AMP Token uses the ERC-1820 standard to manage Hook registration and examine whether Hook is registered on each transfer. If Hook has been registered, then the Hook will be called.

The AMP Token contract code shows that the final transfer implementation is: _transferByPartition. Meanwhile, there are two calls involving transferHook: _callPreTransferHooks (before transfer) and _callPostTransferHooks (after transfer). In particular, _callPreTransferHooks is for the originating address, while _callPostTransferHooks is for the destination address (i.e. the receiving address).

For regular users, stealing tokens from themselves is useless. Therefore, attackers can exploit _callPostTransferHooks. Now let’s see the codes of _callPostTransferHooks.


We can say that the only callback attackers could exploit is IAMPTokensRecipient(recipientImplementation).tokensReceived()

Next, we’ll illustrate how this call can be used to transfer a user’s RUNE while performing an AMP token transfer.

Step 1: A calling contract is required (as shown below):

2nd step: Deploy the contract to get the attack address.

Step 3: Call the ERC-1820 contract interface (setInterfaceImplementer) to register the interface.

ERC-1820 address: 0x1820a4B7618BdE71Dce8cdc73aAB6C95905faD24

Contract interface: setInterfaceImplementer(toAddr address, bytes32 interfaceHash, address implementer)

In particular, toAddr is the receiving address of the AMP transfer,

interfaceHash”AmpTokensRecipient”hash :


interfaceHash is the hash of AmpTokensRecipient:


The implementer is the attack address obtained in step 2.

Step 4: Lure a user to transfer AMP to the toAddr to trigger a callback, and steal their RUNE at the same time.

Attack #3: phishing attack

As the name suggests, in a phishing attack, the attacker promises to give amazing benefits to trick users into performing certain contract operations. Here we will introduce a common phishing attack.

Step 1: The attacker issues an ERC-20 token and can write it to any contract interface involving signatures.

2nd step: Create a trading pair on Uniswap or any other swap;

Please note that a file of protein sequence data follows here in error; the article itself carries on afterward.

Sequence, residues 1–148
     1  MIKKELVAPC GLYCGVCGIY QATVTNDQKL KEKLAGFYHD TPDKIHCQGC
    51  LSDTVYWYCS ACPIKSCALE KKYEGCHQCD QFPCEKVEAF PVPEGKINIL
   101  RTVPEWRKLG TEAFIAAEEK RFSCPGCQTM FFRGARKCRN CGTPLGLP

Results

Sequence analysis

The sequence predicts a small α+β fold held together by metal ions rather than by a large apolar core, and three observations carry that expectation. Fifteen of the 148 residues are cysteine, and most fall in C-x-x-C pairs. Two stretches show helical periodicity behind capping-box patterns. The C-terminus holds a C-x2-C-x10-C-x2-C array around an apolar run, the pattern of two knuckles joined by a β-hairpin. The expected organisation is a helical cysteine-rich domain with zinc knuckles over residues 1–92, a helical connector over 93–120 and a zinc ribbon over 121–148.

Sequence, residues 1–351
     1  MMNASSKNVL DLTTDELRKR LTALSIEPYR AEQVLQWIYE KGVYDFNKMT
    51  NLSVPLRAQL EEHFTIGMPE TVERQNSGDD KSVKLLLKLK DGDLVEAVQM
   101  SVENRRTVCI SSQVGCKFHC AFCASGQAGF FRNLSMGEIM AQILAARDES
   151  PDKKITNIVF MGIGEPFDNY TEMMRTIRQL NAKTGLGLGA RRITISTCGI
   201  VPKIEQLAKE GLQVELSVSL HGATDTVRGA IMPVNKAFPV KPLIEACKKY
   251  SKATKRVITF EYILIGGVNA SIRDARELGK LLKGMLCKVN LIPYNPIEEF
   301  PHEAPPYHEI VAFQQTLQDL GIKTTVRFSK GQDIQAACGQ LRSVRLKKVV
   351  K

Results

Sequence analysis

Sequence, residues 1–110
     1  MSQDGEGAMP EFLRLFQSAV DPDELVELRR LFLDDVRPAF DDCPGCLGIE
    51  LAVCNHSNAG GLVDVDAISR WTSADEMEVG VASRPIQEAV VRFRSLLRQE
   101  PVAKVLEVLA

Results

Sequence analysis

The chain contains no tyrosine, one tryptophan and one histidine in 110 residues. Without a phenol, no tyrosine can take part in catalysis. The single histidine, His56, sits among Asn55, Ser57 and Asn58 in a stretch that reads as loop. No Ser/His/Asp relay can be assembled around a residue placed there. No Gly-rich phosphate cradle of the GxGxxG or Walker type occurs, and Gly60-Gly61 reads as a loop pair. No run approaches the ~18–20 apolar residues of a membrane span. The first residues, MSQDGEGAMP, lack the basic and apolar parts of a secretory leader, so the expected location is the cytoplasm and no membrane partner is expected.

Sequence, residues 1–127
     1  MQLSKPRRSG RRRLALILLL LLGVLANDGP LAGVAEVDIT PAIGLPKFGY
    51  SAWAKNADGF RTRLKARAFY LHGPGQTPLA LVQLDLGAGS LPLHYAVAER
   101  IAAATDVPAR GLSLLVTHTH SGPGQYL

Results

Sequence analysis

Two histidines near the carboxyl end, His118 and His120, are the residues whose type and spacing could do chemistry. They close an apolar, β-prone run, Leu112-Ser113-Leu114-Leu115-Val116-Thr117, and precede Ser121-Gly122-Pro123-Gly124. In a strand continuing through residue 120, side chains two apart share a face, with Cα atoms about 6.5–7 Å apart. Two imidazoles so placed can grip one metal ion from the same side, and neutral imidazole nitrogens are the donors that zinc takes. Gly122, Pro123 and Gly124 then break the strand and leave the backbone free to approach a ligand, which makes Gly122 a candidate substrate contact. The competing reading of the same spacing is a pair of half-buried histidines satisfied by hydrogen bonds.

Step 3: Offer airdrops to all users/addresses who hold RUNE tokens;

The initial work of the phishing attack is basically completed by the steps above. Then the attacker just has to wait for the users to swap on a swap, and the users risk losing their RUNE once they perform operations such as approval, transfer, etc.

Additionally, in order to further verify the security risk of the THORChain contract code, CoinEx spoke with the security team of SlowMist and PeckShield, two well-known security agencies in the industry. Confirmed by SlowMist and PeckShield, the security risk mentioned above does indeed exist.

So far, we’ve covered several types of attacks, as well as the security risks users are exposed to.

How should the project team optimize contract code to secure themselves and protect user assets?

The only answer is to be careful about using tx.origin.

How can regular users mitigate risk and protect their assets from attacks that seem inevitable? The CoinEx Security Team offers the following suggestions:

  1. For attack #1: While transferring, keep track of estimated gas consumption. For a regular ETH transfer, a gas fee of 21,000 is more than enough. Be careful if the gas consumption far exceeds this figure.
  2. For attack #2: isolate your tokens by adopting different wallets. You can store different tokens at different addresses. Extra caution is needed when it comes to the hot wallet address offered by exchanges.
  3. For attack n°3: greed is the source of all evil. Do not blindly participate in a parachute event.

Security has always been a major concern in the blockchain industry. All actors, including project teams and exchanges, should prioritize security during project operation, ensure the safety of user assets, and jointly promote the healthy growth of the blockchain industry.